Cooperative Energy Futures (CEF) – Minneapolis, Minnesota

July 8, 2022
Cooperative Energy Futures (CEF) - Minneapolis, Minnesota

Cooperative Energy Futures

Spurring the solar revolution


Business View Magazine interviews Timothy DenHerder-Thomas, General Manager of Cooperative Energy Futures, for our focus on the U.S. Solar Energy Industry

Solar generation was 3% of U.S. electricity in 2020, and the Energy Information Agency (EIA) projects this share will reach 20% by 2050. The agency notes that increases in small-scale solar, particularly in the commercial and residential sectors, drove much of the early growth in U.S. solar electricity, accounting for 68% of total U.S. solar electricity net generation in 2011.

Cooperative Energy Futures has been at the frontline of these advances in solar power, helping drive community-level awareness and adoption, and spurring a grassroots-level solar revolution.

But for CEF, it has been a long road to seeing such levels of solar adoption, as Timothy DenHerder-Thomas, General Manager at CEF, recounts. “We’ve been around for ten years, but we are still very much a startup. We are not just launching a business but in some ways at the forefront of launching a different business model, which comes with a distinct set of challenges. We are figuring out exactly how this industry will work while navigating the dramatic legislative and market changes that are happening in the energy sector right now.”

Founded in 2009, CEF is a community solar energy cooperative based in Minneapolis and serving communities across Minnesota. It is on a mission to empower communities across Minnesota to build energy democracy through solutions that are ‘clean, local, and ours’. One such solution, which is at the heart of the organization’s daily operations, is solar gardens.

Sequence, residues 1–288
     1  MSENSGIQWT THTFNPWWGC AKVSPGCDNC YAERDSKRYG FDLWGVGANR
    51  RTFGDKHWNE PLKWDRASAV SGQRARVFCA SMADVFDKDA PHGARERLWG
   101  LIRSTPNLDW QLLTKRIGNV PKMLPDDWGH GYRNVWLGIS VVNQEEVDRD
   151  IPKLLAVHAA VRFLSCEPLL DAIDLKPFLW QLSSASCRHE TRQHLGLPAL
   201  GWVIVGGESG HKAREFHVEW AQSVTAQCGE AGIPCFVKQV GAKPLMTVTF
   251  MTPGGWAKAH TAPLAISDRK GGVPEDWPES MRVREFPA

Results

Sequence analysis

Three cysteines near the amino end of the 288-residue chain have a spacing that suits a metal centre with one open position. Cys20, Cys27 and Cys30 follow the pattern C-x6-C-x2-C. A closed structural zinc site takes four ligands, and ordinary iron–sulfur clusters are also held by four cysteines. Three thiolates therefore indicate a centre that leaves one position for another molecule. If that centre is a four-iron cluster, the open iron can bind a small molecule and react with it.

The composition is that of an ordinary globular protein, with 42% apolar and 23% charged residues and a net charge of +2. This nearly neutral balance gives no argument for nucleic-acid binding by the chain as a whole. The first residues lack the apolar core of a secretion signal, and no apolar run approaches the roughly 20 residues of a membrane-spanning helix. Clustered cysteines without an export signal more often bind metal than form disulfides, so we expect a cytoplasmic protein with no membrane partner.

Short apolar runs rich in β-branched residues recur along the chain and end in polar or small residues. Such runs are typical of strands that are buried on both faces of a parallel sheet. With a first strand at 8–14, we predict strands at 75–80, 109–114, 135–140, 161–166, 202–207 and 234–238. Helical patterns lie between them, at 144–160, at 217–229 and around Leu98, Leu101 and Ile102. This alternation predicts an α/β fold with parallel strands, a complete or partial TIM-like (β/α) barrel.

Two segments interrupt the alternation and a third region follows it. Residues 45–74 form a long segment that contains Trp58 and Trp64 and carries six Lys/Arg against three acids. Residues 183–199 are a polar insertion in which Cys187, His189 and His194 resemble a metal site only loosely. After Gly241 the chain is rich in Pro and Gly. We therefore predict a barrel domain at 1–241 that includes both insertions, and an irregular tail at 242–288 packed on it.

Cooperative Energy Futures (CEF) - Minneapolis, Minnesota

“Solar gardens are solar arrays owned and operated by communities that sell power to local utilities, returning benefits to members in energy bill rebates,” explains DenHerder-Thomas. Solar gardens work like other cooperative projects. First, CEF leases farmland or commercial roofing space and installs a solar array. Next, community members subscribe to a percentage of solar from available arrays to cover their monthly or annual electricity usage. At the end of every month, each subscriber gets a credit against their utility bill based on the electricity created by their share of the solar garden.

While solar gardens have a proven business model, gaining adoption in local communities is not without its fair share of challenges. “There are some barriers to achieving higher levels of coverage,” says DenHerder-Thomas. “A fundamental one is how financing and the federal investment infrastructure for renewable energy work, requiring ownership and financing by large third parties with a lot of tax liability, is making it much harder for smaller entities to participate. Securing installation sites is another issue because of growing competition to secure good ground-mount sites coupled with hesitance from commercial building owners to make a 25-year commitment to lease their roof, even if they don’t have to make an upfront investment.”